Truth or dare 

Be nice—— Game Mod

Team Member: 

Yumin Cai

Sue Roh

Hanyi Zhang 

Chang Ge
 

Concept 

We found out that Truth or Dare is a game that reaches most fun only when you play with people you are familiar with, and it lost the fun when you play with strangers, because it is awkward to make strangers uncomfortable. In fact, each round of ToD only has one person is participating. 
The idea of our New Truth or Dare is to make it able to play with people you don’t really know and everyone participates at the same time.

What makes truth or dare so uncomfortable is exposing your secrets and making a fool of yourself to others. You relinquish control for another person to decide your fate. As a kid playing truth or dare, I would get so embarrassed and typically lie to avoid humiliation, thereby defeating the purpose of the game. This week, my group members and I wanted to extract all of the discomfort out of truth or dare. Would it make players more comfortable and willing to share their truths? Would it change the types of questions and dares people asked knowing that they too would have to do them? If there is no discomfort in the game, is it still worth playing? 

Design Process

We initially created a web-based truth or dare, which anonymized and randomized the entire experience. On the website, there were only three rules: 

1). There is a person who is “chosen” at random to ask a question or devise a dare. No one knows who is chosen.

2). If you are chosen, type what you want others to do or answer. 

3). Everyone, including the chosen person, must answer the question or do the dare. Everyone’s answers are anonymously displayed on the screen.

After the round is done, another person is randomly selected to be chosen. In the future, we thought it would be interesting to have an upload video function, so the game could be played virtually.

 

However, it made little sense to use the website in a group of four people when we play-tested in class, so we slightly tweaked the rules. The only tweak was that the “chosen” person is randomly assigned and then the control goes counter-clockwise. We found through watching others playtest and playing the game ourselves that it was still maintained some level of discomfort in the beginning, though the first few questions helped establish a rapport amongst players. Overall, we thought it was a great icebreaker and quick way to bond amongst strangers in a classroom.

Our Final Rules

Start from a random person.

He or she ask a question or make a dare challenge. 

Everyone in this game need to answer the command or question.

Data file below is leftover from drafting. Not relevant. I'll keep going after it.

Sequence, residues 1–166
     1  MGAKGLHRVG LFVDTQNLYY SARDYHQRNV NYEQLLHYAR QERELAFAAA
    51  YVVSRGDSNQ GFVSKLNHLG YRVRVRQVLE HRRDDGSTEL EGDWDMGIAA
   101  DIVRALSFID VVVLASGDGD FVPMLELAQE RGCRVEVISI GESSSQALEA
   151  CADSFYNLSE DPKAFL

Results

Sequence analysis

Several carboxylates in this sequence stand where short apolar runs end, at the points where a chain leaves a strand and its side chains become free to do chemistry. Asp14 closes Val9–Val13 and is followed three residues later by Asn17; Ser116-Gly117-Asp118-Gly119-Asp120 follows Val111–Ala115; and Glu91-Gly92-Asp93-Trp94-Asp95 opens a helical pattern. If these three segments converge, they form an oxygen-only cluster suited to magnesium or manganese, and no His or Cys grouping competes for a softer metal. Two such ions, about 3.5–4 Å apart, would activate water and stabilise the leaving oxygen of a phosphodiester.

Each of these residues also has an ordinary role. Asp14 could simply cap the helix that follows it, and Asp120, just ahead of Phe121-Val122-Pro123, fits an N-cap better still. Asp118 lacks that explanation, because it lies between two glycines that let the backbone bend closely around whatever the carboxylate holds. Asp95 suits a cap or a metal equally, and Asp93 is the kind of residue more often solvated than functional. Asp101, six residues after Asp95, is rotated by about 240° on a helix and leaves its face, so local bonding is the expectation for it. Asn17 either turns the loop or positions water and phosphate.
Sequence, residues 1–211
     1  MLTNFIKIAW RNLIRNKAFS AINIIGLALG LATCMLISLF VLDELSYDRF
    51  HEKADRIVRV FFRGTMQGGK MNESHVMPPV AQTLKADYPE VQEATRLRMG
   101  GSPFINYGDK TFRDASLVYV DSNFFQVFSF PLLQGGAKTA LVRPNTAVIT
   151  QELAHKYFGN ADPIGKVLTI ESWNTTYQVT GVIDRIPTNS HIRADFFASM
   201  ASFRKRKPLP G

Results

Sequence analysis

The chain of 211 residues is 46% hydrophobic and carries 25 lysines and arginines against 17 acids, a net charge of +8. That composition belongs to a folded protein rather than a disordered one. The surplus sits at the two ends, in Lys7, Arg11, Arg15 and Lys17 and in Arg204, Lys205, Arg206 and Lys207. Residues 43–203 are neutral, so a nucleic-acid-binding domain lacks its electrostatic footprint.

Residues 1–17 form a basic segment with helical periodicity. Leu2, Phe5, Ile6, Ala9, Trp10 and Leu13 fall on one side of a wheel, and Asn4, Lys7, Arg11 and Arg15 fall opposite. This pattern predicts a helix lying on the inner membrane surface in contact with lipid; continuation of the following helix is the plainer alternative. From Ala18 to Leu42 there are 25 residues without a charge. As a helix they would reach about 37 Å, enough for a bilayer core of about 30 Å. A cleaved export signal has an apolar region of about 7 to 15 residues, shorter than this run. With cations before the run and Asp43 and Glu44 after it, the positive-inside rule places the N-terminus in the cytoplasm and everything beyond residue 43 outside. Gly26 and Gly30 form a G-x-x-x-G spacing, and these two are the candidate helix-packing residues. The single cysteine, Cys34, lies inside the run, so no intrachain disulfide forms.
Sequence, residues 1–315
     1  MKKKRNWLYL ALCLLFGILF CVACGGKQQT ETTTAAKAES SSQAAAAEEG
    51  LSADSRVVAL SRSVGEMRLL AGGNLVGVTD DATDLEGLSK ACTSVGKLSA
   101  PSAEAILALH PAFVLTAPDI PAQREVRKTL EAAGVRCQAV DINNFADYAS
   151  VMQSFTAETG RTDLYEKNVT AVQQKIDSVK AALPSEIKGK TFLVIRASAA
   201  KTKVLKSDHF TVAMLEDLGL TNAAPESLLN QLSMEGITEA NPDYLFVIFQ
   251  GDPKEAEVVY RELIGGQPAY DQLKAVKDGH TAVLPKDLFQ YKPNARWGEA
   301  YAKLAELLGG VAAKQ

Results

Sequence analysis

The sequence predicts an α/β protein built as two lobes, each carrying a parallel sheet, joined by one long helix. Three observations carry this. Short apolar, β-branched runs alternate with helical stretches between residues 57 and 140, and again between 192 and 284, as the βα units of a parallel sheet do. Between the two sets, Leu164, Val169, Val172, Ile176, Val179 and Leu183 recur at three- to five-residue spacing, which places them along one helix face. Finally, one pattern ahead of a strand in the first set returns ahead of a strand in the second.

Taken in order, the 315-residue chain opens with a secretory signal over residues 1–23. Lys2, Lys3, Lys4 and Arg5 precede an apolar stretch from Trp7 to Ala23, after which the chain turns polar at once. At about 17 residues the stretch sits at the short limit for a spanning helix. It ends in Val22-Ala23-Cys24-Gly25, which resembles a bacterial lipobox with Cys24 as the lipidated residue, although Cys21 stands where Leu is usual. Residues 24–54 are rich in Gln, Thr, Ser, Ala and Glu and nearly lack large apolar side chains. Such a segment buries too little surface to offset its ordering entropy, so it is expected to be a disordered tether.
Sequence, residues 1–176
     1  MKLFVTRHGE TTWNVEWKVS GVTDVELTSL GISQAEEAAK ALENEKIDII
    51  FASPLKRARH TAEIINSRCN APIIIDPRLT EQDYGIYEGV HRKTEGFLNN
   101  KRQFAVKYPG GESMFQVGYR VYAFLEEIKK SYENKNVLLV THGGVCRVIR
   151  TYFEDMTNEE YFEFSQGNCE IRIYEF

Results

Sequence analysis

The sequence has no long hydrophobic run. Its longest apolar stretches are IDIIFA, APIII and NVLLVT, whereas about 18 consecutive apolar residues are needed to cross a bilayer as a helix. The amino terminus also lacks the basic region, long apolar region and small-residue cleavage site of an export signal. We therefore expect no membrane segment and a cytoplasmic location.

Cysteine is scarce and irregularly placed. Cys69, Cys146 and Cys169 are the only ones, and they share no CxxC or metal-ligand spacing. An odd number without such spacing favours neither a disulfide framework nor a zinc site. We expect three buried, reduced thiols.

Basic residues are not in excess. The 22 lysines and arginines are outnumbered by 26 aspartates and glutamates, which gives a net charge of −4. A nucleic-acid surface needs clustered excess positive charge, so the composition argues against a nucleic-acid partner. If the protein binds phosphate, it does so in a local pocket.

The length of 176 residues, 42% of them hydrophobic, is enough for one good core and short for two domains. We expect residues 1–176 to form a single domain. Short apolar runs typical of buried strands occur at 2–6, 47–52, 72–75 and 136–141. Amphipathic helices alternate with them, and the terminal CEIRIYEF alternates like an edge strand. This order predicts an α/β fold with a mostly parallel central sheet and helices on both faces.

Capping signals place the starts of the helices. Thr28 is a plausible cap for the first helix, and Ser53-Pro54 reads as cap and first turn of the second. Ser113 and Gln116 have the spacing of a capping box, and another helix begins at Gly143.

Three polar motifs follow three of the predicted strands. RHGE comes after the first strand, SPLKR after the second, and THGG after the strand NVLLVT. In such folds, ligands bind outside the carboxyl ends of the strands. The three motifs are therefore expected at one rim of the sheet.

Including the one who asks the question or give the command.

Go clockwise.

Reflection in Playing Tests and Further Improvement

In the in-class playing test, our players basically understood the rules by themselves easily and did not need much additional explanation from us. Some of the involvers said that they did appreciate the simplicity. Most of the gameplays go on smoothly, and many players felt that as a result of requiring everyone to do the same Truth or Dare task, the embarrassment for accomplishing the challenge alone in the original version eliminated. And the challenge just became somehow fun as well as an interesting tool to know each other quickly. Besides, as the one who threw out the command also need to do it, most of the commands were gentle and friendly. In this way, the Truth or Dare game turns to be comfortable and soft. Adding the restriction on the commander and the expanding range of objects to accomplish the command create a community-sharing context instead of the individual suffering version compared with the traditional game mechanics. 

From the responding to this revised Truth or Dare demo, we could probably figure out some key points that would have effects on creating discomfort experience: the direct or indirect restriction for the power to control; the objects who answer/respond to the control.

Due to the time and skill limitation, there is still room for progress for this demo. For example, according to our initial plan, we would really like to incorporate this game with the digital medium such as a website to suggest a modern network atmosphere as well as encouraging more people to join in the game at the same time. All the answers to the truth could be shown on the webpage and everyone in the game could see them clearly. And the number of players could increase compared with the offline version. It would be interesting to explore what kind of influence the different platforms and forms would bring. Besides, we are also thinking about adding more detailed rules to make the game differentiate from its traditional version or preparing some game assets such as questions and command lists to see whether it would bring any difference with the one let the players make up questions and orders by themselves.

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